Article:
Pizza is not something we make often during the summer because we try to avoid turning the oven on high for long periods of time, but with the weather not being so swampy or hot over the Fourth of July holiday weekend, we decided that Friday would be the perfect night to have the first pizza night in what seemed like ages. I had the idea of putting some pesto Trapanese on one pie instead of doing either a canned tomato sauce or just using fresh tomatoes on their own, and then Michael decided that the thick slab bacon and baby leeks usually available at the Teet would do well for the second one. Read More
Given everything that’s going on in my newly-adopted city, it feels frivolous to post about food and recipes as if everything is awesome which is why I’ve been a bit quiet around here. It’s definitely been a surreal few days, from meeting Bryan Voltaggio and getting his latest cookbook at the Orioles game on Saturday to then being detained for a bit towards the end of the game, and then of course the events from earlier this week. You can still feel a little tension in the air, even around my neighborhood–everyone is trying to look out for everyone else and make sure they’re doing OK, which seems to be the dominant. Being as new to the city as we are, I feel ill-equipped to write about it at length, but here are some really thoughtful, interesting perspectives from people who understand the city and its dynamics far better than I do.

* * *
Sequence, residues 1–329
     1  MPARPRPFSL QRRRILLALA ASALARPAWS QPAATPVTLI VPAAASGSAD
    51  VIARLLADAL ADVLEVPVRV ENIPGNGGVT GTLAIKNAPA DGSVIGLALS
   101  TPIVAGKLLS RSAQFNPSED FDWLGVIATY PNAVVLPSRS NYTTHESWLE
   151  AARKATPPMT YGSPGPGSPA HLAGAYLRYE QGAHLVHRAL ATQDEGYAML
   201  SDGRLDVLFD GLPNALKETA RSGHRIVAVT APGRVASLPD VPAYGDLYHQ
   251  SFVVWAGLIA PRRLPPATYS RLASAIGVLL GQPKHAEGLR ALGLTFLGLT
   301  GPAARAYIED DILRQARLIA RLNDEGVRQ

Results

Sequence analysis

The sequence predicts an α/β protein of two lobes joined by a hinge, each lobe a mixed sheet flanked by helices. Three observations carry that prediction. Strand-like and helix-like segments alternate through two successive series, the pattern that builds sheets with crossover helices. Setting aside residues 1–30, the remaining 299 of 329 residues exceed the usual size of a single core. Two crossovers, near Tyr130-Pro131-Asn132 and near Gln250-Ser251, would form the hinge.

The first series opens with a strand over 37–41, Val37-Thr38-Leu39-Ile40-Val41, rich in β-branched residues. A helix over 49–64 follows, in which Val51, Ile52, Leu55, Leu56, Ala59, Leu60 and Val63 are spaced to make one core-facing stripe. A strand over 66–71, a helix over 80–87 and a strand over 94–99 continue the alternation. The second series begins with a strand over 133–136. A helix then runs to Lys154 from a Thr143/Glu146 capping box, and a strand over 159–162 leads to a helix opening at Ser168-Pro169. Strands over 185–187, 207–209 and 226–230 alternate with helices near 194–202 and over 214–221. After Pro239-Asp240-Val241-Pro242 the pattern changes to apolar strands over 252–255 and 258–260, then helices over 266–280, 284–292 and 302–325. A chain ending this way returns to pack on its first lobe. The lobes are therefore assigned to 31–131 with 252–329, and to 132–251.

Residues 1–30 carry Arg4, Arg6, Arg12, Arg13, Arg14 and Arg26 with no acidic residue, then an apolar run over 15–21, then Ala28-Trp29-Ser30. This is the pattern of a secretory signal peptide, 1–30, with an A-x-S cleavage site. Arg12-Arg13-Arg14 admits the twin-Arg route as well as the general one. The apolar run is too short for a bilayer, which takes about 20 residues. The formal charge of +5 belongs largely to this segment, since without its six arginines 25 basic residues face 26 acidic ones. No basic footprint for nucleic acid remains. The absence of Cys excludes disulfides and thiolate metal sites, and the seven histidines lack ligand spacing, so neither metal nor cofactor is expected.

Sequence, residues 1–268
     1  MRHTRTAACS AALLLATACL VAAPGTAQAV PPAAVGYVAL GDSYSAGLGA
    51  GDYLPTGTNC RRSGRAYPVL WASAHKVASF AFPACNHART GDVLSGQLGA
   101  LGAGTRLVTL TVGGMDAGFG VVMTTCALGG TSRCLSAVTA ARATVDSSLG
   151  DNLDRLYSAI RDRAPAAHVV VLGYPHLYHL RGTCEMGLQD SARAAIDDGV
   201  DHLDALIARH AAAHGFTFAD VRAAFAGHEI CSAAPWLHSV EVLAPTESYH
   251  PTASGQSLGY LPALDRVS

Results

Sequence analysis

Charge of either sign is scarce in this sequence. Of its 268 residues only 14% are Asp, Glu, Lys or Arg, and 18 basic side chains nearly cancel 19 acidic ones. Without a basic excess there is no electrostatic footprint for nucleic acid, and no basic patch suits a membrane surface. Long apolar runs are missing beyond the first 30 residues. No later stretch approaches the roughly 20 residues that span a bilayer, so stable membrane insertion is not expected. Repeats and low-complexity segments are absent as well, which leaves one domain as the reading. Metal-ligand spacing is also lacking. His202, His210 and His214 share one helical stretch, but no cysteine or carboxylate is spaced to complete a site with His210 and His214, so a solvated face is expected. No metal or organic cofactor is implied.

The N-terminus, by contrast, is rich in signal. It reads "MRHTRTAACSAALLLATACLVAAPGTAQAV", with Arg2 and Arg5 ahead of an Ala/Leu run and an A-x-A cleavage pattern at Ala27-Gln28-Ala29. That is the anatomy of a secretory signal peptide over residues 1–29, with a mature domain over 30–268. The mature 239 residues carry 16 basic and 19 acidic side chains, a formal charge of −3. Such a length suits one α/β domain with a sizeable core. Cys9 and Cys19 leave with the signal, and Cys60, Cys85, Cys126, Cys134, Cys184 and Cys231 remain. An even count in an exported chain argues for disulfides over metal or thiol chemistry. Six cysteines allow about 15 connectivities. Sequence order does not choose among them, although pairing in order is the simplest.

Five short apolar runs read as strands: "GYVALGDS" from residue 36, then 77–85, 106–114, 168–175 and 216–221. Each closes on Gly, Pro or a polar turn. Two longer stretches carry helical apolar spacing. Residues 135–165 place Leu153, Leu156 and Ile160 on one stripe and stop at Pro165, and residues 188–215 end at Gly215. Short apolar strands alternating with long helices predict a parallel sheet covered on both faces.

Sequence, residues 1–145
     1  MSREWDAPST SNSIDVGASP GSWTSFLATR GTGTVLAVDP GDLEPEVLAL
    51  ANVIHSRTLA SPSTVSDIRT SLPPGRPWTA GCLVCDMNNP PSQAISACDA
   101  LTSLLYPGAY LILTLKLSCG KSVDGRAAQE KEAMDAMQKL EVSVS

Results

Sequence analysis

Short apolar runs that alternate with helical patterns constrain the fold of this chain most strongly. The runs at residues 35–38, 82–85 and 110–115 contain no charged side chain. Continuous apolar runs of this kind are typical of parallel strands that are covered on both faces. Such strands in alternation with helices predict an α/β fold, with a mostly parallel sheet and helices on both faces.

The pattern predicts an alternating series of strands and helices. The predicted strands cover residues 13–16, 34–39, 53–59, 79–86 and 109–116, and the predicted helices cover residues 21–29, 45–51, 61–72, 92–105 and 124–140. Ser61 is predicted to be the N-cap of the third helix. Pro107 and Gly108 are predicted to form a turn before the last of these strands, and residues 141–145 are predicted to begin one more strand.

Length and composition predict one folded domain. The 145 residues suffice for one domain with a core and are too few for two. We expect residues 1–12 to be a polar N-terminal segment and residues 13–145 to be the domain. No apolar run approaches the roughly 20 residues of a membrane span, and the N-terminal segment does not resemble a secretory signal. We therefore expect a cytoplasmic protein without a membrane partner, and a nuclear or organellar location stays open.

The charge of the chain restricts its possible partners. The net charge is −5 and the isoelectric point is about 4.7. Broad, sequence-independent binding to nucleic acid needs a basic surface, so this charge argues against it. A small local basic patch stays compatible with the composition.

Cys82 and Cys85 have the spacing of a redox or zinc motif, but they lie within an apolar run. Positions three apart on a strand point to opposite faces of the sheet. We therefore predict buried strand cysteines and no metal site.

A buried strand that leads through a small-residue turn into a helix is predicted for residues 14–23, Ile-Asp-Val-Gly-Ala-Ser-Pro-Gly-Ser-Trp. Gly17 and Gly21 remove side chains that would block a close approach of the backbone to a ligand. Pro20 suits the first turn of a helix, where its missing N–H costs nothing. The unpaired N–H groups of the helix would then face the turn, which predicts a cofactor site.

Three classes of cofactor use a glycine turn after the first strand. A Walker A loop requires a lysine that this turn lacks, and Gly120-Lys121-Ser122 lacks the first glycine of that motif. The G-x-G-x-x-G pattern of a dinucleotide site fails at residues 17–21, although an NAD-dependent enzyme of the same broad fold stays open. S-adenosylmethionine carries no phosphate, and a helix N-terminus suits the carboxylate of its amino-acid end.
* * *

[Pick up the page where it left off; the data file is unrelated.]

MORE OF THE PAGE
Of all of the positive pictures that have begun circulating on the internet as the city both cleans itself up and continues to protest, this lady (and the others who were burning sage along with her) has been giving me all of the feels as I write this. Read More
One thing I was hoping we’d be able to do following our vacation was to make one last jaunt to our local beach, and thankfully this past weekend gave us two picture-perfect days to choose from. While everyone else in New England descended upon their favorite orchard in which to go apple picking (or so it seemed based on my Facebook feed), we spent a few hours on Saturday enjoying the unseasonably warm day—warm enough to even make a quick dip into the Sound. Even with these little heat snaps though I am only too aware that we are in a new season, as daylight is slowly becoming less and less prevalent in the evening and the notion of turning on our oven isn’t completely abhorrent anymore. So what better way to mark that shift than by cranking it to full blast in order to make some pizza? Read More
If you’re a wise person, you have declared this summer as the season of rosé (and hopefully caftan) season, much like myself, but there’s nothing wrong with wanting to switch things up…and that’s when you introduce rosé sangria into your life. The idea for this came about when Boqueria (a fabulous tapas mini-chain in New York and elsewhere) posted a recipe for a blackberry-centric sangria, and while I loved the ingredient list the actual recipe seemedd a bit…involved. So I borrowed some ingredients from their recipe and put my simpler spin on it and Michael has declared this to be the best sangria he’s had all summer.